In the news..

Drought and war heighten threat of not just 1 famine, but 4.

Six years after its last famine, another is about to tighten its grip on Somalia. South Sudan, Nigeria and Yemen are also at risk.New York Times.

Seattle plant failure dumps millions of gallons of sewage.

Millions of gallons of raw sewage and untreated runoff have poured into the United States’ second-largest estuary since a massive sewage treatment plant experienced equipment failures that forced it to stop fully treating Seattle’s waste.Associated Press.

Trump to sign executive order undoing Obama’s clean power plan.

Donald Trump will on Tuesday sign an executive order to unravel Barack Obama’s plan to curb global warming, the head of the Environmental Protection Agency said on Sunday, claiming the move would be “pro-growth and pro-environment”.The Guardian.

Defying Man & Nature, The Sea Otters Of Morro Bay Have Made A Comeback

“On a day of cozy coastal grays — soft cloud cover, a silver foil-wrap sea — a dozen gray fur balls brought visitors the most comfort. Bobbing 20 feet from a harbor walkway, the sea otters were part of a record number in California. They once were believed to be as extinct as the dodo bird or the Tyrannosaurus rex.” Diana Marcum reports for the Los Angeles Times March 27, 2017.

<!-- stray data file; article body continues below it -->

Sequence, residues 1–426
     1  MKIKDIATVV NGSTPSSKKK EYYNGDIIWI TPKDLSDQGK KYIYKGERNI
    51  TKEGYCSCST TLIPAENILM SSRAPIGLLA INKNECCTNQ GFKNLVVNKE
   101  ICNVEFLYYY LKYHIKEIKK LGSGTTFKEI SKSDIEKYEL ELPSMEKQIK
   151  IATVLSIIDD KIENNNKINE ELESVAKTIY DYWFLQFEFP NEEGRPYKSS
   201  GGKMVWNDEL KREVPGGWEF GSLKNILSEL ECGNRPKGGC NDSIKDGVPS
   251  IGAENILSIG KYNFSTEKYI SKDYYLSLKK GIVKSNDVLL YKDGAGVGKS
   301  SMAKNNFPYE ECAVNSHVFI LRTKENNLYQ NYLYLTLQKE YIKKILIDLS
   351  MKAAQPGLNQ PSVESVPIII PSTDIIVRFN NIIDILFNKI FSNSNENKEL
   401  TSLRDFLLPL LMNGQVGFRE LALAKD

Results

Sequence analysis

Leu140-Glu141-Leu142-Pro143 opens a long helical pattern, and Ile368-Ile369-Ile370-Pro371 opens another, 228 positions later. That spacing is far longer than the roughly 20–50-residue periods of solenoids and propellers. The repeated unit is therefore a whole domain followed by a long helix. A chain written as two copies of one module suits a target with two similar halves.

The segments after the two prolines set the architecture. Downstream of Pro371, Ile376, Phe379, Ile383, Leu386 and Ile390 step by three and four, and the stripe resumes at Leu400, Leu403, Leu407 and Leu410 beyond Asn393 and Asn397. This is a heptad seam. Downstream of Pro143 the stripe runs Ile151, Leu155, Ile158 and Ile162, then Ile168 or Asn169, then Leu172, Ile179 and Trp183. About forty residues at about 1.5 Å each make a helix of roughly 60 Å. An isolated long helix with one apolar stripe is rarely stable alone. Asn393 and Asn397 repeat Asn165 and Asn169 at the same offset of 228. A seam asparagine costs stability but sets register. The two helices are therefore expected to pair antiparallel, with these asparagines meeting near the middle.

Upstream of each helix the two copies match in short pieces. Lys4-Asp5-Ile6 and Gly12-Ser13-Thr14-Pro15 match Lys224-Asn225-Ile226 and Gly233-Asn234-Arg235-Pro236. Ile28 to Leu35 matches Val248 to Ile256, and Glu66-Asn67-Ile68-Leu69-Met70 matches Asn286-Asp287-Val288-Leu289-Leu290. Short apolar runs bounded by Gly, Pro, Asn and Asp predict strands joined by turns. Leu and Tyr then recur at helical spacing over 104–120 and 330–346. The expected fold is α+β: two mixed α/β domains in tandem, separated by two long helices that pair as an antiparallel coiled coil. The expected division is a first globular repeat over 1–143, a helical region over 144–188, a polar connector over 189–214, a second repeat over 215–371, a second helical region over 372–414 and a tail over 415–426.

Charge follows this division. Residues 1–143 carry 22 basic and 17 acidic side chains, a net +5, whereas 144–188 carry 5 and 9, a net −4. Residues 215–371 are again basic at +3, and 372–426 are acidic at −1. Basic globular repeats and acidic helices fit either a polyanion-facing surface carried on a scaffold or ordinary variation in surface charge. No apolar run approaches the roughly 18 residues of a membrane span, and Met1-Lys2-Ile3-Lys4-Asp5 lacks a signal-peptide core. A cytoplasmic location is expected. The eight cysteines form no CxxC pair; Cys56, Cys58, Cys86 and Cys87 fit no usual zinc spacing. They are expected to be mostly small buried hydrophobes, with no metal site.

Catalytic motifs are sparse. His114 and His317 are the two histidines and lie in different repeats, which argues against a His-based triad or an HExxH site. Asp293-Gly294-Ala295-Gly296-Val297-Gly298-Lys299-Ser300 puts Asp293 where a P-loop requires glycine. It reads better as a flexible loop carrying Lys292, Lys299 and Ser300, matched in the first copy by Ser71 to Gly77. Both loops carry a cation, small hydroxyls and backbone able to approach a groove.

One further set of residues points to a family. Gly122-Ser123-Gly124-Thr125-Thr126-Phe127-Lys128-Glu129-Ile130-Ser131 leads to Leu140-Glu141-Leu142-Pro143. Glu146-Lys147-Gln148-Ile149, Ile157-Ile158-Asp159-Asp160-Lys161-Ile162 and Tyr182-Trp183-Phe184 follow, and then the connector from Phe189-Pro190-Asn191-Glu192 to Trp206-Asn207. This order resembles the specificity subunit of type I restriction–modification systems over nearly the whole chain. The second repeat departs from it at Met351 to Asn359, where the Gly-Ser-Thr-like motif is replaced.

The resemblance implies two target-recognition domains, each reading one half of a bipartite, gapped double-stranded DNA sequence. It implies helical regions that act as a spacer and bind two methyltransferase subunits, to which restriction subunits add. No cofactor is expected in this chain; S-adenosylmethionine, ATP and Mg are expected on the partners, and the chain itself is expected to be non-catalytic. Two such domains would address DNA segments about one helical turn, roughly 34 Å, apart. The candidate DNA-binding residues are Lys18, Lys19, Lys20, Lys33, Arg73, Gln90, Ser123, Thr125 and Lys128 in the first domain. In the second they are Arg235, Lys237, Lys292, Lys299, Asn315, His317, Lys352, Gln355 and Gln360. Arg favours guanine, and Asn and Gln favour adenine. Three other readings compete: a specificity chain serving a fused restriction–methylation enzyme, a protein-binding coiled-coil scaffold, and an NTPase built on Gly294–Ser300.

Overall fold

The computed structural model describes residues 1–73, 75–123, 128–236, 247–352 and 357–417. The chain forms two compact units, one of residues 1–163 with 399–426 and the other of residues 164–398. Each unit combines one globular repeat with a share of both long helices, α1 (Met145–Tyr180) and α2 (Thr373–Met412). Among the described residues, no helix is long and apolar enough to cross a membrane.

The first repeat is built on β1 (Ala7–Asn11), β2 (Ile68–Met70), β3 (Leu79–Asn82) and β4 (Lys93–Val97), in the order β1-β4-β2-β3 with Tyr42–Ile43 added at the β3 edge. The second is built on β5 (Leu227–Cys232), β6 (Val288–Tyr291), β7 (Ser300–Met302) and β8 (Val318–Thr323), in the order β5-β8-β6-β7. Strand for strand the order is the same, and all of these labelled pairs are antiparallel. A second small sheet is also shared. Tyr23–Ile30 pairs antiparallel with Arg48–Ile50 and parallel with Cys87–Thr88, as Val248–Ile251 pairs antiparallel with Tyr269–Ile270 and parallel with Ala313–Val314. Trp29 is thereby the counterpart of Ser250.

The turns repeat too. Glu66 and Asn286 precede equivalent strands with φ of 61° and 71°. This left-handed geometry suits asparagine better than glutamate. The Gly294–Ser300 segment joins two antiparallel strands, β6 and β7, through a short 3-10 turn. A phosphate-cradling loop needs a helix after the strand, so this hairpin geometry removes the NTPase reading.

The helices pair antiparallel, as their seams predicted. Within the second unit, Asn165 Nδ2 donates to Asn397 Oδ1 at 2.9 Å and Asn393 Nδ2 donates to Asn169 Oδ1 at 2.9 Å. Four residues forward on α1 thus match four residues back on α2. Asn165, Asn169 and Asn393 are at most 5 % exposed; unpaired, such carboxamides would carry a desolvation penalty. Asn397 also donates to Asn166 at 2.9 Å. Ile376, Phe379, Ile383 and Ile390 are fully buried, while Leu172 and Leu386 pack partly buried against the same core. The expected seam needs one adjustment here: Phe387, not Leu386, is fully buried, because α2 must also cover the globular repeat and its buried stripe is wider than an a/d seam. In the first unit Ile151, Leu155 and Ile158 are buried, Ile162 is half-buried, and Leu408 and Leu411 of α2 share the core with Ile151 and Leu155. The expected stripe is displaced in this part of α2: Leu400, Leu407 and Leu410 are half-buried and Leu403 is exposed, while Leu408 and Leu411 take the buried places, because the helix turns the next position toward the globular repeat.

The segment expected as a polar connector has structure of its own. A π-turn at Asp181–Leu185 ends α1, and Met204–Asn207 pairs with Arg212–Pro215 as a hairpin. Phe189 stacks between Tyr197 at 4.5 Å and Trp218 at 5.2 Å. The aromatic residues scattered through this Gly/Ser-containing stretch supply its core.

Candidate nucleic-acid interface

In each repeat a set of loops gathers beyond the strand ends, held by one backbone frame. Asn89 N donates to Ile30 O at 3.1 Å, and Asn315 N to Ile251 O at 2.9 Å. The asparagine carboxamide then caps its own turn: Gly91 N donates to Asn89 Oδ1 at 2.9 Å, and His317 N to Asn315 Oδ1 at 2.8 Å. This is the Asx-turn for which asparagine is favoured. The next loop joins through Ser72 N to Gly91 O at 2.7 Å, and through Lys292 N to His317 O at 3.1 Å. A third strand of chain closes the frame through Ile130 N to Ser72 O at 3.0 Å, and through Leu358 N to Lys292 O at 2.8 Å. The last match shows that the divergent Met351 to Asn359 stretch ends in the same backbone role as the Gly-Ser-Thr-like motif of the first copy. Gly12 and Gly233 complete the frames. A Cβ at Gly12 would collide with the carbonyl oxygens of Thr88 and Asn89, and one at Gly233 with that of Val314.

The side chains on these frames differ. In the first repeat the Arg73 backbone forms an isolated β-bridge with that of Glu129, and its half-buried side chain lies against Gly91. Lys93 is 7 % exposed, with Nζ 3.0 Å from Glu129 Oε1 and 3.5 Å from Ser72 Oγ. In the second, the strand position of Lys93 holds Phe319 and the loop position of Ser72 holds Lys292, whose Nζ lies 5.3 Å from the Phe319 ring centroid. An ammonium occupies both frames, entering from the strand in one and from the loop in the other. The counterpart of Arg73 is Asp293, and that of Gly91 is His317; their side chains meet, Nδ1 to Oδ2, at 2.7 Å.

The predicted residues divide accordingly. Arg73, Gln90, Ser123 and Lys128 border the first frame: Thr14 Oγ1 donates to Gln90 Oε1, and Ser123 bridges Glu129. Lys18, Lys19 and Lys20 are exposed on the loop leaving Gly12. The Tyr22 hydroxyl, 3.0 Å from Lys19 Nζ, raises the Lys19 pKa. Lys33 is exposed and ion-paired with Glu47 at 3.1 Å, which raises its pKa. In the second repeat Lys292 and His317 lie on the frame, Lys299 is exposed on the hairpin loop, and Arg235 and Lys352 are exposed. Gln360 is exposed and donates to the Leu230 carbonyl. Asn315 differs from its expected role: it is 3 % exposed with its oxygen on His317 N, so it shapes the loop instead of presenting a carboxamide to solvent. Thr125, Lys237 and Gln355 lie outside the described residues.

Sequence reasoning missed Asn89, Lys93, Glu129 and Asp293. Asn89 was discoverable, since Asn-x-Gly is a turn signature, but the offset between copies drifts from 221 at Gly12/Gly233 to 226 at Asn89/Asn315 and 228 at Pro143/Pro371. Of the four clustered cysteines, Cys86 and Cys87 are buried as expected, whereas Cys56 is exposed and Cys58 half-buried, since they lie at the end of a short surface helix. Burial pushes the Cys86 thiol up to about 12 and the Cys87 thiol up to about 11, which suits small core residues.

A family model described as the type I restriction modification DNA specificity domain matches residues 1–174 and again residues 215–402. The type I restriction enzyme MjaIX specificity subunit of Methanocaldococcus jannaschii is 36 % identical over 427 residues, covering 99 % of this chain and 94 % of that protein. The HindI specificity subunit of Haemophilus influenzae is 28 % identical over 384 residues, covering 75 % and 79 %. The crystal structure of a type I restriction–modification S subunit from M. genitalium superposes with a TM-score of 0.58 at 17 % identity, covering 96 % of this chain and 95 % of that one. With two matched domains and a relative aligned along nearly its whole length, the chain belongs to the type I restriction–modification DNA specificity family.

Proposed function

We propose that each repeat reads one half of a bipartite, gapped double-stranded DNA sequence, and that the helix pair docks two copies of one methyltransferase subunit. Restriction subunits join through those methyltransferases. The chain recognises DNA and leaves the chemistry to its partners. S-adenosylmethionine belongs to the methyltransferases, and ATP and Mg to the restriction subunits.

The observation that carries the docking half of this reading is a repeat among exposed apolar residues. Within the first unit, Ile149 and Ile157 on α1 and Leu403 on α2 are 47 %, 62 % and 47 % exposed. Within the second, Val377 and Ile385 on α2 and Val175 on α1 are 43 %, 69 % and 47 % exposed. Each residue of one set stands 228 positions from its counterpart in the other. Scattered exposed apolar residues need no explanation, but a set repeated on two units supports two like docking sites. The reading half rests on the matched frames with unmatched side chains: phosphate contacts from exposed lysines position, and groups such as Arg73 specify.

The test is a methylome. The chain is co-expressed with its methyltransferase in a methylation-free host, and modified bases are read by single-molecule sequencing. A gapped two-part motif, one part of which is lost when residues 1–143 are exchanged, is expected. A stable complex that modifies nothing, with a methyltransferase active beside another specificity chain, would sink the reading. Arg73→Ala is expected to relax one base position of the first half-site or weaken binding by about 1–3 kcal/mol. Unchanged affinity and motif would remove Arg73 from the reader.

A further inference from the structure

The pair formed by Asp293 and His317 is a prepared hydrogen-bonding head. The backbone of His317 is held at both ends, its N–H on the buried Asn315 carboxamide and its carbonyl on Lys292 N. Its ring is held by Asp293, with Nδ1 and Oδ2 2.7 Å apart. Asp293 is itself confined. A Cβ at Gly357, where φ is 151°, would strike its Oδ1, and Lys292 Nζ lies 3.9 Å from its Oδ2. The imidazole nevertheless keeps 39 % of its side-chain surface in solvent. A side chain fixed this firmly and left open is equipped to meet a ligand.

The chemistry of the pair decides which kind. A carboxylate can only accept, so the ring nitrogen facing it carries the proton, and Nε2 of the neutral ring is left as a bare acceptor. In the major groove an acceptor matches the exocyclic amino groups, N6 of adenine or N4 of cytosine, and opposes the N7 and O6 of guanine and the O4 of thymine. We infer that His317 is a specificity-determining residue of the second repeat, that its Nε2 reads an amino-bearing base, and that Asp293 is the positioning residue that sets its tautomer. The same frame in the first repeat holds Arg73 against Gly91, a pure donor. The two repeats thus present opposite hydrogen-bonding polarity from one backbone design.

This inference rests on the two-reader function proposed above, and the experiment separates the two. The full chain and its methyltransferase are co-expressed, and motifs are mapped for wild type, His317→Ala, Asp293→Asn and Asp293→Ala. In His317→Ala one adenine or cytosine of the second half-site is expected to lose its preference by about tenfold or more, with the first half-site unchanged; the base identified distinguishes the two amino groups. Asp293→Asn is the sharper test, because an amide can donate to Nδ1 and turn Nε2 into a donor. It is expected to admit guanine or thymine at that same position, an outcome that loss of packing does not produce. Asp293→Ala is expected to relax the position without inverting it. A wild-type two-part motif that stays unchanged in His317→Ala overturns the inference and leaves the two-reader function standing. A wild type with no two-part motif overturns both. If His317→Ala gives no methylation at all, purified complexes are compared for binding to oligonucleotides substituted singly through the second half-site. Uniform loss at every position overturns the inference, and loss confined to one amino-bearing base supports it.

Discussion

“Defunding Appalachia: Coal Communities Resist President’s Budget Cuts”

“Danny Ferguson didn’t like what he saw happening in Lincoln County, West Virginia, where he grew up. The downturn in the coal industry had hit hard, and young people had few job options beyond some fast food places.” Benny Becker and Jeff Young report for Ohio Valley ReSource March 24, 2017.

Icahn raises ethics flags with dual roles as investor and Trump adviser.

The billionaire is advising on regulations, including pressing for a change in an EPA rule that has cost an oil refinery he’s invested in millions of dollars.New York Times.

China air quality got markedly worse in Jan-Feb: ministry.

China’s air quality was markedly worse in the first two months of the year than the same period of 2016 following a series of smog outbreaks in northern China, official data published on Friday showed.Reuters.

VIDEO: Conservation versus communities in Cameroon.

In Cameroon’s Korup National Park, groups are seeking to overcome the ‘conservation or communities’ conundrum by promoting sustainable forestry and wildlife management. But it’s no easy task.Deutsche Welle, Germany.

North Dakota pipeline spill larger than previously thought.